During this phase of Frank’s career he served on a many national committees concerned with environmental matters, including the Academy of Science’s Flora and Fauna Committee from 1967 to 1974 (chair), the Fauna Committee, 1974–81; the Standing Committee on National Parks and Conservation, 1970–81 (chair, 1970–72); as well as the National Committee for SCOPE (Scientific Committee on Problems of the Environment), 1971–78 (chair); the Standing Committee on the Environment, 1970–78; and the National Committee for the Environment, 1979–82. He was also vice-president of the Australian Conservation Foundation (1971–73), a member of the Senior Scientific Advisory Board of the UN Environment Programme (1978–82), Editor-in-chief of SCOPE publications from 1977 to 1980, and an ex officio member of its Executive Committee.
In 1977 he was appointed the chair of the Global Commission for the Certification of Smallpox Eradication, which culminated in his announcement of the eradication of the disease to the World Health Organisation's Assembly in Geneva in 1980, one of his proudest moments.
Frank retired from formal academic work in 1979 but this was just the beginning of nearly 30 years as Emeritus Professor and Visiting Scientist at the JCSMR, a time that was spent encouraging young scientists, updating his textbooks on virology and writing histories of the JCSMR, the Australian Academy of Science and also his autobiography and biography of his father.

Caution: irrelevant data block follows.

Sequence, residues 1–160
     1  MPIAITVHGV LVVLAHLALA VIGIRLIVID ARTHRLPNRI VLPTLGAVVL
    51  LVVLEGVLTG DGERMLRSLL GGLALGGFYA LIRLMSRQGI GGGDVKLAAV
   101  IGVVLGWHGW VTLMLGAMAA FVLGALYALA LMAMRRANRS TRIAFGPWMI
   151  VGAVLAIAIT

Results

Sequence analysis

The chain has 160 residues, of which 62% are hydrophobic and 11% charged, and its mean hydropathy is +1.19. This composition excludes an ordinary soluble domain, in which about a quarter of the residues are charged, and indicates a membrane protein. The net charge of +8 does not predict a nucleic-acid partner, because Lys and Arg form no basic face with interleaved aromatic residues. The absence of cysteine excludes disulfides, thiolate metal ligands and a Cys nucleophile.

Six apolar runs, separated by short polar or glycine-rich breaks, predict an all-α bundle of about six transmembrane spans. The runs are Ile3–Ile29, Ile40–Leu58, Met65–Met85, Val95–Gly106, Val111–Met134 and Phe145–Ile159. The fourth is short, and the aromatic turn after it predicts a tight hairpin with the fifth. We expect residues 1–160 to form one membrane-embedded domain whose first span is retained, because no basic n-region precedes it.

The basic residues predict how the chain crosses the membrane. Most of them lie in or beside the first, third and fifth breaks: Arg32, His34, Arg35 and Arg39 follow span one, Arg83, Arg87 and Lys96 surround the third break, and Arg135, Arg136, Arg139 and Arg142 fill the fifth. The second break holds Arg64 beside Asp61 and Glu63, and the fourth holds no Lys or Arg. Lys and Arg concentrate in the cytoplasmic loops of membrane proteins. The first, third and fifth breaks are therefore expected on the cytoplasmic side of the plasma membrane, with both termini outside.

Frank saw clearly the urgent need for much better understanding, throughout the community, of the findings of the life sciences, especially as they have bearing on the wellbeing of humankind and the biosphere. From the 1960s onwards Frank was actively involved in, and strongly supported, a number of community projects based on this view. In particular, he made substantial annual donations to the Nature and Society Forum (NSF), which he joined in 1992 and of which he was elected Patron in 1998 and was an active participant until his death. NSF was established in 1991 as a community-based group to promote scientific understanding across the community of the ecological and health issues that face our society today.
Frank Fenner was probably the most highly awarded and decorated Australian scientist of the last 100 years, but curiously is not really well known. In 2006 the president of the Australian Academy of Science called him 'the doyen of virology and one of the greatest scientists Australia has produced'. You can read more from the Australian Academy of Science here. In an interview in 2003, Australia's Chief Medical Officer said 'I think Frank Fenner should be up there with those Australian scientists who've achieved Nobel Prizes. His work for humanity has been of that order'.
To find out more about this remarkable man, Dr Fred Murphy's tribute is a good place to start. [go to http://wwwnc.cdc.gov/eid/article/17/4/im-1704_article]. Or you could read Dr Ann Moyal's Preface to Fenner's autobiography [go to http://press.anu.edu.au/nature/mobile_devices/pr01.html] as a brief introduction to his life and work.
The Frank Fenner Foundation
Establishing the Frank Fenner Foundation as a lasting memorial to Professor Frank Fenner, recognising his lifelong commitment to human health and the health of the natural environment, is the next step to continuing his vision for healthy people growing on a healthy planet.